 This zone which lies directly below the lithosphere is called
the ’asthenosphere’
 The weaker, less rigid asthenosphere seems to be in
continual motion, forcing the plates of the lithosphere
against eachother
 This motion of the lithospheric plates is known as plate
A rock is a natural substance composed of solid crystals
of different minerals that have been fused together
into a solid lump

 For example, granite is a combination of the

minerals quartz, feldspar and biotite
 The Earth's outer solid layer, the lithosphere, is made of
Types of Rocks
1. Igneous
 form from the cooling of magma
2. Sedimentary
 form from sediment deposits
3. Metamorphic
 form out of sedimentary or igneous rocks that have
undergone changes due to extreme pressure and heat
Rock Cycle
Atmospheric pollution occurs when gases, dust particles,
fumes or odour are introduced into the atmosphere in
a way that it makes it harmful to humans, animals,
plants and the environment
Types of Pollutants
 Primary
 Emitted directly into the air from air pollution source
 Secondary
 Formed when primary pollutants undergo chemical
changes in the atmosphere
 Example: Smog
 Sources of Air Pollution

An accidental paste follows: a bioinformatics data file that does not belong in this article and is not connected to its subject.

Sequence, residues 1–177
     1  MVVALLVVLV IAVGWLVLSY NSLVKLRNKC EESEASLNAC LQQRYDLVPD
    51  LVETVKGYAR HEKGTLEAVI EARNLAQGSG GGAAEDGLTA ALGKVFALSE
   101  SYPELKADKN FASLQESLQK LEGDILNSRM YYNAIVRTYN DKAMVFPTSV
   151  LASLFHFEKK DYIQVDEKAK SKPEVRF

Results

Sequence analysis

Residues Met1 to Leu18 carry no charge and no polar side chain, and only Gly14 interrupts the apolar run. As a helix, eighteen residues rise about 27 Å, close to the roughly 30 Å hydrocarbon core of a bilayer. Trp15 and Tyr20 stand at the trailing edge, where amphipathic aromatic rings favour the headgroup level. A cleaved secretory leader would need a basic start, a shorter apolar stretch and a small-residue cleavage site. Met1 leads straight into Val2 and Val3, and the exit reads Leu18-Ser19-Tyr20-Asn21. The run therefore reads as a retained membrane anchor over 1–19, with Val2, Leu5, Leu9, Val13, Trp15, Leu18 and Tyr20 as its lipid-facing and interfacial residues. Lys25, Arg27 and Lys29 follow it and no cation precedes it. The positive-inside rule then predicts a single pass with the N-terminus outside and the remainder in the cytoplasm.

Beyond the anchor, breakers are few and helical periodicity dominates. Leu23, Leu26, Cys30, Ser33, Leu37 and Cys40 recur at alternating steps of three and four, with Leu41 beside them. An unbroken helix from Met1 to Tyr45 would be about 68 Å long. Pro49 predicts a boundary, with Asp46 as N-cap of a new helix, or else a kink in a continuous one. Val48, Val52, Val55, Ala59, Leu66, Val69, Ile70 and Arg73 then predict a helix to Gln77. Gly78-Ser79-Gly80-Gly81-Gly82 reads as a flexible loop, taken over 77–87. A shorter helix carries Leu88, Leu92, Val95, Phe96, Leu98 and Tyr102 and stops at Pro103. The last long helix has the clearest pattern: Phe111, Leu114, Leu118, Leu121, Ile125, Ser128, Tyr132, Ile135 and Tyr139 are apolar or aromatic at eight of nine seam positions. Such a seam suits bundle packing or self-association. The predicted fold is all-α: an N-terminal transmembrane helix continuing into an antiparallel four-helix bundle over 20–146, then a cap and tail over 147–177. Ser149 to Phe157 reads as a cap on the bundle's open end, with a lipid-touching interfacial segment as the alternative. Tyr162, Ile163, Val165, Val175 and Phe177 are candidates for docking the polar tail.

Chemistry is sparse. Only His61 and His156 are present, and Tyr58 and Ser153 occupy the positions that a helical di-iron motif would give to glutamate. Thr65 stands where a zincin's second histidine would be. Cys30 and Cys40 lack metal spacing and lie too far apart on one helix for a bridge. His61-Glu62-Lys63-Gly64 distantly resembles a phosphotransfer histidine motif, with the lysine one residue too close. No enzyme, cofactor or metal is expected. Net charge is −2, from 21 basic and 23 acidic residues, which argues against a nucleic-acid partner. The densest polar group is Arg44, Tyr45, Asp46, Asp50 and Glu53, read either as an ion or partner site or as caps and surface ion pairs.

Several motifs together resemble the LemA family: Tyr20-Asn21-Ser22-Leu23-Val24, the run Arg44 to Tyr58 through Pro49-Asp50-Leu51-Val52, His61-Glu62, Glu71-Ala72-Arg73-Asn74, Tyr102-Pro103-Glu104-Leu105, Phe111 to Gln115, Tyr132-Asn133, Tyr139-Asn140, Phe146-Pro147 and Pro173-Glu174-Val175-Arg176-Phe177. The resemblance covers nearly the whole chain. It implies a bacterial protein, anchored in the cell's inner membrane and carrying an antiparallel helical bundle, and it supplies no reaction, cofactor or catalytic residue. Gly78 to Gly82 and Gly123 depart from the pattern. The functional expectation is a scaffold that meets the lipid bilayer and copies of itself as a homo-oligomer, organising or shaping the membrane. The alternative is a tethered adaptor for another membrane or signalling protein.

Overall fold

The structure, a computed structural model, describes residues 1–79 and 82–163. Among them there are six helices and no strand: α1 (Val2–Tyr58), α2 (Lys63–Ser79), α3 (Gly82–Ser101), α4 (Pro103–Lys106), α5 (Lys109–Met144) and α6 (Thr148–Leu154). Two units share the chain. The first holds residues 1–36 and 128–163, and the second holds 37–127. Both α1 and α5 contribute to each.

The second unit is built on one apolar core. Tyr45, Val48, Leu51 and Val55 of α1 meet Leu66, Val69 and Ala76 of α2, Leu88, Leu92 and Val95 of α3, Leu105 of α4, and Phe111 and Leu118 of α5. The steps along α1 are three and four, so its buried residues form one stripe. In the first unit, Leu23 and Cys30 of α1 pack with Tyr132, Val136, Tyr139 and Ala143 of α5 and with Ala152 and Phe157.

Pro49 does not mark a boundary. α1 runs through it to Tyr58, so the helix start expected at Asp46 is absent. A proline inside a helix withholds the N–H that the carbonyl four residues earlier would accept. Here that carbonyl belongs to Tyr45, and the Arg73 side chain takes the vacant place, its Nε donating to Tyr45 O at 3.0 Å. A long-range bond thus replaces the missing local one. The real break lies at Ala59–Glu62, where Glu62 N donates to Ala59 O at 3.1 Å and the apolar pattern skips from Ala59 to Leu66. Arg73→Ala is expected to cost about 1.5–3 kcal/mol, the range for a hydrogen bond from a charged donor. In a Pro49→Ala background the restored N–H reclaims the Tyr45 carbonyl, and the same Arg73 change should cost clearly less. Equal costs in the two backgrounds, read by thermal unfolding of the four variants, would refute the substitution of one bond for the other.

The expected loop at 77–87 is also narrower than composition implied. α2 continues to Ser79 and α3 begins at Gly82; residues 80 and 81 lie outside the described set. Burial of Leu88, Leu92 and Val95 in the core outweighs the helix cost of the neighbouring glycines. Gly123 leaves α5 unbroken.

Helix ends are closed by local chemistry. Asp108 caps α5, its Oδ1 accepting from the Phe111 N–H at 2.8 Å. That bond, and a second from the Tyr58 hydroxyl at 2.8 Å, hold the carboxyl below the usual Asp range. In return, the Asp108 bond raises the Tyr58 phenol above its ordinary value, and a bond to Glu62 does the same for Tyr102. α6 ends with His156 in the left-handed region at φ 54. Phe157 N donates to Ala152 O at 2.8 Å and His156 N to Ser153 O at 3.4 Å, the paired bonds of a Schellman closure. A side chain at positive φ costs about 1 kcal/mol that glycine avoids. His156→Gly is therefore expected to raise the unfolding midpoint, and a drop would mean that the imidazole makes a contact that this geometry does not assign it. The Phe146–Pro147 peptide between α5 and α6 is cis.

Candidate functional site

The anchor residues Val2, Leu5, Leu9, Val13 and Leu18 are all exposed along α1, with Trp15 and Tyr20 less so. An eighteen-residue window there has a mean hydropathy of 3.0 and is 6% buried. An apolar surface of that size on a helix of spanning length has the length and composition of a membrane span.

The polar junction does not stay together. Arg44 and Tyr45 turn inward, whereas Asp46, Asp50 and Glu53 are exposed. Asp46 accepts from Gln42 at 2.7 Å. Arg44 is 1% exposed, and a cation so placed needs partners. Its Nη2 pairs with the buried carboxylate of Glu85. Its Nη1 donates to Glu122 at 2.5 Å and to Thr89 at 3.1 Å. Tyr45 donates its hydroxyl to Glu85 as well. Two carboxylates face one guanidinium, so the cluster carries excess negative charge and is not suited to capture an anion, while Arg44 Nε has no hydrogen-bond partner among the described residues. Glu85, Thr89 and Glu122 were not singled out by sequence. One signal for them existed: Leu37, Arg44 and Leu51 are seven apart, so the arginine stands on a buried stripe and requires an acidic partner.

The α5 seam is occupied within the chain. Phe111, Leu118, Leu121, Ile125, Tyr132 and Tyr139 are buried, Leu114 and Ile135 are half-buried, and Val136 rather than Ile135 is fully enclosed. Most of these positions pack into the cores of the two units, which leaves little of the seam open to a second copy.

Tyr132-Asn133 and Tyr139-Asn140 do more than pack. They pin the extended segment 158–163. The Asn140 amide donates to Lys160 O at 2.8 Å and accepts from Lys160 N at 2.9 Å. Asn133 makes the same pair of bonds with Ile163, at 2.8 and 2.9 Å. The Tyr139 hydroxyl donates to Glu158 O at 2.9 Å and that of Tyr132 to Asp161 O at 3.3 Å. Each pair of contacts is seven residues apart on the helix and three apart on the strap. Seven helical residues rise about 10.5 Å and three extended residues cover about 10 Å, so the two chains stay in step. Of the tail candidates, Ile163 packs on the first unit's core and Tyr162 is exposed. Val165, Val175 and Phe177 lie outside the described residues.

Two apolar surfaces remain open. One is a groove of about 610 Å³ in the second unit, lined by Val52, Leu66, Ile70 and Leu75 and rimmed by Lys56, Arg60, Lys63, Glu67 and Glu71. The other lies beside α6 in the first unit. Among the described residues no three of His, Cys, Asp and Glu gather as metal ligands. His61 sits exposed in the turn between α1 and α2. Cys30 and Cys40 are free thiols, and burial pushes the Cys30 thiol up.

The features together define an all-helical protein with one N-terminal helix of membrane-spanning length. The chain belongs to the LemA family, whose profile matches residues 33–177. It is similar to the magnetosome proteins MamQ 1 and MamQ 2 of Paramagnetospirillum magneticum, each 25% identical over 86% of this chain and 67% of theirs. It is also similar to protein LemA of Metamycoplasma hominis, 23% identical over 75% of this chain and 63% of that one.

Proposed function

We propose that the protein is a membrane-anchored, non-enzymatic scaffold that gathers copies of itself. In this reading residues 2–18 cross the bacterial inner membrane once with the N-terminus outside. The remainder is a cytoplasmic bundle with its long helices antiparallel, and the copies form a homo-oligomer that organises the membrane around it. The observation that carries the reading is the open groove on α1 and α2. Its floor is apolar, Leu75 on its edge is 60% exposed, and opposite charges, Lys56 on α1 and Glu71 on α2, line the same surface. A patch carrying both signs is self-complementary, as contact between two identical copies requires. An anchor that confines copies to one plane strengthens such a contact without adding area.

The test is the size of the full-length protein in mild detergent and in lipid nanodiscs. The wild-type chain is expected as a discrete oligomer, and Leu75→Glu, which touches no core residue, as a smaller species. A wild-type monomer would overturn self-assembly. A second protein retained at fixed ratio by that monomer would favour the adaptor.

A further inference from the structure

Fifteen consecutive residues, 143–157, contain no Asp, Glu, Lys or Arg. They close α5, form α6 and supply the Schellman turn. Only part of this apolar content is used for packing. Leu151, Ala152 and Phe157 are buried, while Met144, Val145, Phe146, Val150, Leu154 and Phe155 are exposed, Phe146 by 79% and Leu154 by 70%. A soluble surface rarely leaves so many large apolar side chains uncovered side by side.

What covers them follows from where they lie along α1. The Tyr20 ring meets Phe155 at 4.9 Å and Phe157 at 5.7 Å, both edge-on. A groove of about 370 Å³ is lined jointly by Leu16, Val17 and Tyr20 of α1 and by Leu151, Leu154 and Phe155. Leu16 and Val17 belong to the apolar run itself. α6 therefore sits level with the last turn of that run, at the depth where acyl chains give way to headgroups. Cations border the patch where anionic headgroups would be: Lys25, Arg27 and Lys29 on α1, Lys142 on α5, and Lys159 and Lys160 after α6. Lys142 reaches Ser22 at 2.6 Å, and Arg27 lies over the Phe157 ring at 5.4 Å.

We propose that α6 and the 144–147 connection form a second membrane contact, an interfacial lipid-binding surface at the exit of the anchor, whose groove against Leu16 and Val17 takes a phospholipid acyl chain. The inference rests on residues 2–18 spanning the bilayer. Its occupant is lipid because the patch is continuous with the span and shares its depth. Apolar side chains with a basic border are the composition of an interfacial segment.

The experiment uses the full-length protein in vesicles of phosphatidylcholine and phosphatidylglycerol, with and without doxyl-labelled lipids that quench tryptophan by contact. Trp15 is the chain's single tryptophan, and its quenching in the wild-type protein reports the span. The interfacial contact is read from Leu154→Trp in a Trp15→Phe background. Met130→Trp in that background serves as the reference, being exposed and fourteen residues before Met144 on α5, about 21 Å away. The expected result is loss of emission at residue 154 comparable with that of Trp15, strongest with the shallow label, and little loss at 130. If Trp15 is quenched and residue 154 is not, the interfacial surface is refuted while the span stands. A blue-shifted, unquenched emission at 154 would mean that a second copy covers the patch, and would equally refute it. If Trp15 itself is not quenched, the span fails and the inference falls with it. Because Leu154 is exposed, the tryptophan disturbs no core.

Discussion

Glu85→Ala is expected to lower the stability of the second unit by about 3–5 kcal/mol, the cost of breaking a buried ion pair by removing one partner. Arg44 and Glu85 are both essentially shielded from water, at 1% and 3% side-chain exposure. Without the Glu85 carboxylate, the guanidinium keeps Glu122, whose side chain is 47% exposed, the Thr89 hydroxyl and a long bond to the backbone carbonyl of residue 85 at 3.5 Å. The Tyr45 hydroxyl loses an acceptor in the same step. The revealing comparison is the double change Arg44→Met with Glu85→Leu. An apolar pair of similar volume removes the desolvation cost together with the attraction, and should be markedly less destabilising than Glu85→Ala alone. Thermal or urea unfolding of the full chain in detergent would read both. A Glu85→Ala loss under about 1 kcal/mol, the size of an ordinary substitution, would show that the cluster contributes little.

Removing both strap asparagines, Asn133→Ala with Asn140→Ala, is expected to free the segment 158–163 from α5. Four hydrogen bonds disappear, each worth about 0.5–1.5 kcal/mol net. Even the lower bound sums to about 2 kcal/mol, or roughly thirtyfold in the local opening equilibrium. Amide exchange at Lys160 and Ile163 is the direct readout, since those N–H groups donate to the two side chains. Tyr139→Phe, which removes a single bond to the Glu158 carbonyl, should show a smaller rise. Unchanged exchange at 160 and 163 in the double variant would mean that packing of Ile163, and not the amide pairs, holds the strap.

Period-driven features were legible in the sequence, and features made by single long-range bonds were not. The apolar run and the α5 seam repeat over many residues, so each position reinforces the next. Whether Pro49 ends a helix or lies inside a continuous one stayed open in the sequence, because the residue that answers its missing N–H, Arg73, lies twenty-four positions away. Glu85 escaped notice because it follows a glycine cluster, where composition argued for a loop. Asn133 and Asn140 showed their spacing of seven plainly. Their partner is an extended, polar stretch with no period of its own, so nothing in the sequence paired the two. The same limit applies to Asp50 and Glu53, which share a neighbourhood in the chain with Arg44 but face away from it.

 Natural
 Man-made
 Effects of Air Pollution
 Acid Rain
 Global Warming
 Ozone Depletion
Acid rain, or acid deposition, refers to any form of
precipitation with acidic components, such as sulfuric
or nitric acid that fall to the ground from the
atmosphere in wet or dry forms
 Acid rain results when sulfur dioxide (SO2) and
nitrogen oxides (NOX) are emitted into the
atmosphere and transported by wind and air currents
 SO2 and NOX react with water, oxygen and other
chemicals to form sulfuric and nitric acids
 These then mix with water and other materials before
falling to the ground
Forms of Acid Rain
 Wet Deposition
 sulfuric and nitric acids formed in the atmosphere fall to
the ground mixed with rain, snow, fog, or hail
 Dry Deposition
 Acidic particles and gases deposit from the atmosphere
in the absence of moisture
 Ozone Layer: The
ozone layer is a belt
of the naturally
occurring gas
"ozone“ that serves
as a shield from the
harmful ultraviolet
radiation emitted
by the sun
Phenomenon of Ozone